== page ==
Bigger steps loom in the future. We are planning for our buildings to be heated with a geothermal system. We don't know when this might be and the amount of money we will have to raise to make it possible will be very large - probably between 1 and 2 millon dollars. In the meantime we can see to it that any change we have to make - for instance in the heating of our church, which has to be updated soon - will be compatible with the geothermal system to come.

From my point of view, this is more than anything a spiritual issue and the techniques that we have adopted are ones that I have had to learn over decades of trying to master the art of meditation: start small, with goals that you can pursue consistently; pursue your course with dilligence and gentleness; learn to be forgiving when you make mistakes or don't do it right; and when you find that you have drifted away from your goal come back to the goal over and over again, without blaming yourself for having drifted away. Just keep coming back to the path, knowing that you are training yourself to live a new way, and that changing your ways is likely to be difficult and require a lot of time.

A lot will change in our perception of the problem as we live through the next few years. Some of our efforts will prove to be wrong-headed or mistaken and will have to be changed. In ten years the ultimate goals may look a lot different. That's life. In the meantime we are determined and we have begun. That is a big step.

Sunday, February 11, 2007

11 February, 2007

Holy Cross Monastery, West Park

How does a monastery do missionary work?

This may seem a strange question if your image of a monastery is a place where monks are hidden away, never having contact with the outside world, secure in their own universe. But this would be a very different image than the one that this community holds of itself. Several thousand people come here each year for retreat, for quiet, or for time to pursue their own search for God, and our interaction with these people is one of the great richnesses of our life. Our interaction with our guests, the conversations we have with them, the meals we share with them and the programs we conduct for them greatly affect our lives and deepen our prayer.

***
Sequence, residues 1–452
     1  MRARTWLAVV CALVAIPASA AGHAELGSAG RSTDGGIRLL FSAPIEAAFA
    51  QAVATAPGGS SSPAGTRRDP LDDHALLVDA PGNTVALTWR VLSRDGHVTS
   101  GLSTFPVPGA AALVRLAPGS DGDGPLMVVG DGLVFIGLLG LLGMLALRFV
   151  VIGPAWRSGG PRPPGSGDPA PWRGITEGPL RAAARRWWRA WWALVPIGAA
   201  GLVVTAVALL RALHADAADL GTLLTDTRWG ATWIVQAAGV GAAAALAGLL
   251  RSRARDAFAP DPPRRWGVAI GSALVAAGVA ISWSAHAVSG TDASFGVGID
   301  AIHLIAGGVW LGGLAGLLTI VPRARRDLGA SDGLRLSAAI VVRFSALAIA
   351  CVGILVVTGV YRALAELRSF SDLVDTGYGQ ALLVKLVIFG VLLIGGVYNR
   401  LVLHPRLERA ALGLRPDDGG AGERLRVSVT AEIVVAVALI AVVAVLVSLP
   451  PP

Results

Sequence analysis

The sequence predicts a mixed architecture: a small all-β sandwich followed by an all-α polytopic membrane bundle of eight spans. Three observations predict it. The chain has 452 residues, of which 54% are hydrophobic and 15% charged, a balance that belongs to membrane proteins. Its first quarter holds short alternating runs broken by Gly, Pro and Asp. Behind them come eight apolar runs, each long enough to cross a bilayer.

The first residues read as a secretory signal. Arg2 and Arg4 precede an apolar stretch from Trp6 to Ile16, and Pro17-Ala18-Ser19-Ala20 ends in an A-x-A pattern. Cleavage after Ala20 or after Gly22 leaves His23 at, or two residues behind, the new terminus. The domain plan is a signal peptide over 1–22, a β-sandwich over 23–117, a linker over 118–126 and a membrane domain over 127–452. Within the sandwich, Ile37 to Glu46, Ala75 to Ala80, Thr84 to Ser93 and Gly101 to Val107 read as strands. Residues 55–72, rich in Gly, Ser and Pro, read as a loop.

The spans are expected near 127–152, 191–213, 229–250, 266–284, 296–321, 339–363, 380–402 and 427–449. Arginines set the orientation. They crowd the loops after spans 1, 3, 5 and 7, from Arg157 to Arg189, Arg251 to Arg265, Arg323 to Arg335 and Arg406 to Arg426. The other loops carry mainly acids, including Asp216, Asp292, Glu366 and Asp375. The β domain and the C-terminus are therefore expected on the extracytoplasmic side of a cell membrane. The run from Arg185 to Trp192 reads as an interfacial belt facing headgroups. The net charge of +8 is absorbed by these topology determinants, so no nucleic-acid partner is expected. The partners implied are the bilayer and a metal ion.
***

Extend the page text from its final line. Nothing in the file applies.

And so it seems natural to us to ask how we are to be involved in the task of spreading the news of God's presence in this world. And being monks, the most natural thing for us is to think first how this place, especially these buildings, can be used in this task.

Among our great treasures is our monastery church. It is a beautiful building with a palpable sense of the holy about it. And it has nearly perfect acoustics, because it was intentionally built for the performance of chant and of sacred music. Scores of musicians who have come here over the years and asked us over and over again whether they could perform here. So when Kairos, the choral group that are Artists in Residence at the Monastery, asked if they could do a series of concerts here, their desire fell right into place with the question we ask ourselves about how we can be of service to the community around us.

What we ended up offering was not a series of concerts, but a series of events centered in worship. About eight times each year we are now offering a Choral Vespers on Sunday afternoon, which features the Kairos singers and a string orchestra performing one of the Bach Cantatas. This is all set in the context of a worship service and also features a small amount of the monks' chanting. We wanted to offer not just a performance but worship, and to see if worship would draw people here. With faith and some trepidation we started a little less than a year ago.

And what happened has surprised and amazed us. One of the members of Kairos says his rule of thumb about crowds is that a performance is a success is there are more people in the audience than there are in the chorus. By that standard, we have never had anything less than a resounding success. The smallest crowd we have attracted has numbered about 55, and this past week, on Super Bowl Sunday, there was standing room only in our Church - and this in a rural area, with a minimal local population and a significant drive away from the nearest population center.

Why do they come? Some people come because they love the music. Some come because they love beauty. Some come from curiosity. Some come with a barely formed idea that they want to love God. Some come for reasons that we can't even guess.